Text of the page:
Finally, implementing and following a strong sexual harassment policy may protect your organization from civil liability, should you be sued regarding a sexual harassment allegation. For certain hostile work environment sexual harassment complaints, it is an affirmative defense to liability for an employer if it can prove it had created a policy, communicated it to employees, and followed its complaint procedure. In certain other claims, the employer will not be held liable for sexual harassment that occurs if it shows that the employer took “immediate and appropriate action.”

Thankfully, a sexual harassment policy need not be particularly long to be effective. It may only be a few pages by itself or it may be a part of the broader handbook. However, there are several central aspects that any policy should contemplate.

  1. The Policy Should Be Broad in Who It Applies to and What It Prohibits

In this policy make it clear that no harassment will be tolerated. Those who are found to have engaged in sexual harassment should be subject to discipline, up to and including termination.

Because there is a lot of uncertainty about what constitutes sexual harassment, define it for your employees so that there is no misunderstanding and no excuse. Federal government regulations define sexual harassment as:

Unwelcome sexual advances, requests for sexual favors, and other verbal or physical conduct of a sexual nature constitute sexual harassment when (1) submission to such conduct is made either explicitly or implicitly a term or condition of an individual’s employment, (2) submission to or rejection of such conduct by an individual is used as the basis for employment decisions affecting such individual, or (3) such conduct has the purpose or effect of unreasonably interfering with an individual’s work performance or creating an intimidating,

hostile, or offensive working environment. 29 C.F.R. § 1604.11.

Your policy should be at least as broad, if not broader. You should also provide examples of what can constitute sexual harassment, such as:

  • Unwanted physical contact or conduct of any kind, including sexual flirtations, touching, advances, requests for sex, or propositions;
  • Repeated unwelcome requests for a romantic relationship;
    • Verbal harassment of a sexual nature, such as lewd comments, sexual jokes or references, and offensive personal references;
    • Demeaning, insulting, intimidating, or sexually suggestive comments about an individual;
    • Graphic, verbal commentary about an individual’s body, sexual prowess, or sexual deficiencies;
    • The display in the workplace of demeaning, insulting, intimidating, pornographic, or sexually suggestive objects, pictures, calendars, or photographs; and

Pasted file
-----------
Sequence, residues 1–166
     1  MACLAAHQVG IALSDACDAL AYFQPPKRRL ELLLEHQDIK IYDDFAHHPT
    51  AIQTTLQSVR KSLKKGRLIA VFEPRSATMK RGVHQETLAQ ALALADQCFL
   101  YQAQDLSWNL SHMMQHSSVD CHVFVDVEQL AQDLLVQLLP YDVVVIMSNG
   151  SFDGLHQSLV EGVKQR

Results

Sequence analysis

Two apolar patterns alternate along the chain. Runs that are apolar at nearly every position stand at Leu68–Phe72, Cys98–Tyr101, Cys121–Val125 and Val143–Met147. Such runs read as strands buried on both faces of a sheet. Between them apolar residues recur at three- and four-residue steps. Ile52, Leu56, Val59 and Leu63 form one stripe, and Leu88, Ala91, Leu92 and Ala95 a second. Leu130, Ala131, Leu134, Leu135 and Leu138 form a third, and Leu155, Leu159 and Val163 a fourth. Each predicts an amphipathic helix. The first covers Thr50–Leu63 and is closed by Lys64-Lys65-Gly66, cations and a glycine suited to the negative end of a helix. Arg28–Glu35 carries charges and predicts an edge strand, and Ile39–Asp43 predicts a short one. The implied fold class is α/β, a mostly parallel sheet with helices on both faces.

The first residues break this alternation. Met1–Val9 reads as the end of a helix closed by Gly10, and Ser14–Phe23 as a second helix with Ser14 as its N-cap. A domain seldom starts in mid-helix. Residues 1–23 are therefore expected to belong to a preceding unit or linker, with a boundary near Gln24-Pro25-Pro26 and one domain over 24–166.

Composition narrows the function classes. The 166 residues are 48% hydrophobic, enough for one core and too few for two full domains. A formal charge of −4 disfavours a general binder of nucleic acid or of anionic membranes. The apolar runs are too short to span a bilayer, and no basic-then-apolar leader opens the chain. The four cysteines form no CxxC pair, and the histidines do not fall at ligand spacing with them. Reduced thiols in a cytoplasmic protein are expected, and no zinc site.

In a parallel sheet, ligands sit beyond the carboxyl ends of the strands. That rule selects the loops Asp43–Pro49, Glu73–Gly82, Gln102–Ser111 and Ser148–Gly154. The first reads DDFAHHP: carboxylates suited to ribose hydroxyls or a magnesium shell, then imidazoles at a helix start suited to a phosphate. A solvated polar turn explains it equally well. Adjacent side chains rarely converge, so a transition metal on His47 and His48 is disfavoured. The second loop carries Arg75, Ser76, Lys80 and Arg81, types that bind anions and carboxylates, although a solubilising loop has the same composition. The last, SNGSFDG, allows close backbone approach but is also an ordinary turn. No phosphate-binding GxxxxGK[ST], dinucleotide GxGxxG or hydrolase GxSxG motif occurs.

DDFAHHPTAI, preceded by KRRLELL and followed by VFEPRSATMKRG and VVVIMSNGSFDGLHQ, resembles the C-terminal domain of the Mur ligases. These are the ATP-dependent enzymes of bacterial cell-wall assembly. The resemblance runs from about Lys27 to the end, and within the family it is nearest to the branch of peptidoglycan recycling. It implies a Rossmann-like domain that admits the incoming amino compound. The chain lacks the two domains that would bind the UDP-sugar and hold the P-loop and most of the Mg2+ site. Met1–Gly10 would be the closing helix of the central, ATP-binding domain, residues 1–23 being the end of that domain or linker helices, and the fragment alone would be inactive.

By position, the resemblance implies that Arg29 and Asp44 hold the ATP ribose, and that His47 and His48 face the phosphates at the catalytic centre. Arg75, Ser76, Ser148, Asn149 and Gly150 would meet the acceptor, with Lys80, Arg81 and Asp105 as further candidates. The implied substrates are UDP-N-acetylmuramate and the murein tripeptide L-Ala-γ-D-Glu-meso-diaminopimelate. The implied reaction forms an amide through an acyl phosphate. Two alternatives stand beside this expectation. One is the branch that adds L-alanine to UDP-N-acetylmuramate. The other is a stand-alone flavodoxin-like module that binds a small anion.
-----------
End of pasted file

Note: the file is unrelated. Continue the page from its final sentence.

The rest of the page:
• Demeaning, insulting, intimidating, or sexually suggestive written, recorded, or electronically transmitted messages (such as e-mail, text messages, instant messaging, and internet materials, including social media and social networking sites).

Sexual harassment can occur between individuals of the opposite sex or of the same sex.

In sexual harassment cases there is often confusion about how “consent” factors into the consideration. The standard is actually whether the actions or comments are “welcomed” by the individual and deemed as such by a reasonable person. Just because the victim does not immediately object, does not mean that it is not “unwelcome.” Your policy should note this. Sometimes individuals do not lash out when they are offended by sexual misconduct. Some victims may immediately object or they may be surprised by what they perceive to be brazen misconduct and not know how to appropriately respond.

  1. Reporting Procedure

The second important feature of a sexual harassment policy is creating a procedure to handle reports of sexual harassment. Employees who believe they may have been sexually harassed need to know who to go to and how to make a complaint.

You may want to encourage your employees who believe they are being harassed to firmly notify the offender that his or her behavior is unwelcome. There are some situations where that will put an end to the behavior. However, this will not always be possible, especially when the offender has a position of power or influence over the victim.

The reporting hierarchy will depend on the structure of your business, nonprofit, or church. However, it is common to have employees notify their Direct Supervisor or Manager or Human Resources officer first and then senior executives if necessary. It is important to have multiple avenues of reporting in case the official who is supposed to receive reports is the one accused or ignores the report for any reason.